Testosterone may not rev up men's sex lives as much as they expect it to: Older men with slightly low testosterone levels did not experience improvement in their desire or intimacy after they took testosterone supplements, according to a new study.
In the study, about 150 men age 60 and older were given daily testosterone supplements, and another 150 took a placebo. The men's testosterone level at the study's start was a little over 300 nanograms per deciliter, on average, which is on the lower end of the normal range for men.
Three years later, there were no differences between the two groups in how the men rated their level of sexual desire, erectile function and partner intimacy.
Although men in the testosterone group did report a slight improvement in their satisfaction with intercourse, the effect was small and could have been due to chance, the researchers said.
The findings agree with previous research that found that men with testosterone levels at the lower end of the normal range don't see improvements in sexual function after taking testosterone supplements. [5 Myths About the Male Body]
Dr. Elizabeth Kavaler, a urology specialist at Lenox Hill Hospital in New York City who was not involved in the research, said that testosterone supplements may have a benefit for men whose testosterone level is lower than that of the men in the study — between 150 and 300 nanograms per deciliter. But "beyond that, it's not going to help," she said.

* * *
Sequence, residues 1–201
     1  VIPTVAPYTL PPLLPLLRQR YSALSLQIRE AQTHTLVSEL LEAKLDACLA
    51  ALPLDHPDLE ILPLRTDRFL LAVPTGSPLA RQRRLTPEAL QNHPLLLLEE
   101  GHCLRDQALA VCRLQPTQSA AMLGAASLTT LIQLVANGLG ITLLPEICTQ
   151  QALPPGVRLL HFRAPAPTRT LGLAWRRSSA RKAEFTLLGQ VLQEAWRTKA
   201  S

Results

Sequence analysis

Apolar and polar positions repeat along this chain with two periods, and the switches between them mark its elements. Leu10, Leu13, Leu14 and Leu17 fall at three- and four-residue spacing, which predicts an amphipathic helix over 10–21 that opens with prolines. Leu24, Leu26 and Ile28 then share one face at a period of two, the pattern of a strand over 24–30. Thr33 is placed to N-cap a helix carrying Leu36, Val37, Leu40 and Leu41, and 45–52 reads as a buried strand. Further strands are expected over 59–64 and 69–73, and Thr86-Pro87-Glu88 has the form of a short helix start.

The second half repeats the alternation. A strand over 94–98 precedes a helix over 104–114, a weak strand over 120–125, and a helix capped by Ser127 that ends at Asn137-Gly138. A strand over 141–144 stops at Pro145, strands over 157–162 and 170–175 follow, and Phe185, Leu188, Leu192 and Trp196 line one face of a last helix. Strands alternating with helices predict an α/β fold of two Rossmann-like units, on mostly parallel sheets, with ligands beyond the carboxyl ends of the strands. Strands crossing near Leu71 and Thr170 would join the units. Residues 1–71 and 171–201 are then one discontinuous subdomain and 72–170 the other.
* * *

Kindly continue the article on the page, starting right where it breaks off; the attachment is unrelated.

Although some men may have the perception that testosterone supplements will make them stronger or more virile, "giving a guy testosterone is not the fountain of youth," Kavaler told Live Science.
The men in the study did not necessarily have symptoms of low libido, so doctors would not expect the men's libidos to improve in these cases, Kavaler said.
It's important to note that sexual function was not the main focus of the study, which limits the scientific robustness of the findings.. Rather, the study was aimed at determining whether testosterone supplements affect the progression of atherosclerosis — the thickening and hardening of arterial walls.
Although there has been some concern among health professionals that testosterone therapy might increase men's risk of heart disease, the study found no difference between the groups in measures of atherosclerosis progression.
Still, the findings are not the final world on the safety of testosterone supplementation. The study did not include enough people to detect whether there were significant differences in heart problems between the groups, the researchers said.
A separate study designed to focus on sexual function would provide stronger evidence of whether testosterone supplements affect men's sex lives.
The study, conducted by researchers at Harvard Medical School, is published in the Aug. 11 issue of the Journal of the American Medical Association.
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